Van Peebles next project would be, of all things, a Broadway musical. 1972’s Don’t Play Us Cheap told the story of two of Satan’s helpers sent to break up a Harlem house party to get back into Beelzebub’s good graces. Van Peebles wrote, directed, and composed the music for the production, which was nominated for two Tony Awards. Later that same year, Van Peebles would bring the show from stage to screen, but it was barely released and went almost entirely unseen until coming to home video in the 90s.
After the commercial failure of Don’t Play Us Cheap, it would be 17 long years before Van Peebles got another opportunity in the director’s chair. In between, he wrote the screenplay for Greased Lightning, the sadly forgotten Richard Pryor film from 1977 starring the comedian in a “straight” role as the groundbreaking stock car driver Wendell Scott. Van Peebles also produced, co-starred, and composed the score for the well-regarded three part NBC miniseries, The Sophisticate Gents about a group of black men tied together by sports who come together to salute the coach that brought them together. The series finished filming in 1979, but would not air (for reasons unknown) until 1981.
When Van Peebles finally got behind the camera again, for the 1990 hip-hop comedy Identity Crisis (co-starring his son, Mario), he again found no one to partner with to give the film a proper release, and Identity Crisis went straight to video without making much of a mark.
The 1996 film Panther, a fictionalized account of the Black Panther movement, based on a screenplay Van Peebles adapted from his own novel (and directed by Mario) received wide distribution, but was widely-panned and didn’t find an audience.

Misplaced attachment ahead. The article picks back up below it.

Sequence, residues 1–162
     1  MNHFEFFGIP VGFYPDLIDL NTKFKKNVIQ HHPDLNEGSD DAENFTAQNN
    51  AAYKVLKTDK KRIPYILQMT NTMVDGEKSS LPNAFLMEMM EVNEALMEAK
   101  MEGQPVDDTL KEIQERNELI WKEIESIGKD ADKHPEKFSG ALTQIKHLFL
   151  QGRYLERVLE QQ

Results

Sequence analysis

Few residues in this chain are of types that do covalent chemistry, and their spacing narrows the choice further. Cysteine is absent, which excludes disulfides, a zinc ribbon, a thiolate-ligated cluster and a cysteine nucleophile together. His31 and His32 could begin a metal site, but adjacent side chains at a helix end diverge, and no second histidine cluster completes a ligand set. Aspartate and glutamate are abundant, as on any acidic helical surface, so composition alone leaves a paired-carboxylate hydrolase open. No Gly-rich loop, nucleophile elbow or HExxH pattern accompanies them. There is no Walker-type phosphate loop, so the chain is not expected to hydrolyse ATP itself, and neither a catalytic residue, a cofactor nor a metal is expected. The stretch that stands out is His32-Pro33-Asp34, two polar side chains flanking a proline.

Van Peebles would only direct three more films over the remainder of his career. 1996 brought Tales of Erotica (an anthology film where he shared credit with the likes of Ken Russell and Bob Rafelson, among others). and Gang in Blue, a police drama he co-directed with Mario. Then finally, in 2000, came Le Conte de Ventre Plein (based on his own novel), a film set in 60s France about race and hypocrisy. The film premiered at Cannes, but like every film Van Peebles directed after Sweetback, Le Conte de Ventre Plein struggled to find distribution.
For the back portion of his career, Van Peebles settled into a sort of emeritus status. He was regularly referenced and interviewed. On many an occasion he would be feted at film festivals and other events. The “Godfather of Black Cinema” he has often been called. And while there might be a tendency to see his directorial output as somewhat sparse, there’s plenty of truth in that statement. Without his bold, visceral earl work, it’s hard to imagine the films of Spike Lee, John Singleton, or Jordan Peele coming into existence. His son Mario would find success of his own as a director with New Jack City in 1991 and again in 2003 with Baadasssss!, his part documentary/part homage to his father’s own stirring film from more than 30 years earlier.
And as the father must come before the son, so must Melvin Van Peebles have arrived before all of them.
Melvin Van Peebles died on September 21, 2021. He was 89 years old.
Sasha, Ryan, and Clarence have been stuck with me since April 27, 2018. Co-creator (with Ryan Adams) of the Reframe feature, staff writer, interviewer du jour, and a proud member of GALECA and the Indiana Film Journalists Association. I also scribe on boxing at NY Fights. My essay "My Black Grandpa" was shortlisted as "Best of Folklore" by The Bitter Southerner in 2018. My first work of fiction, "Eat 'Em Up, Tigers!" was published in Detroit Stories Quarterly in the 2020 summer edition.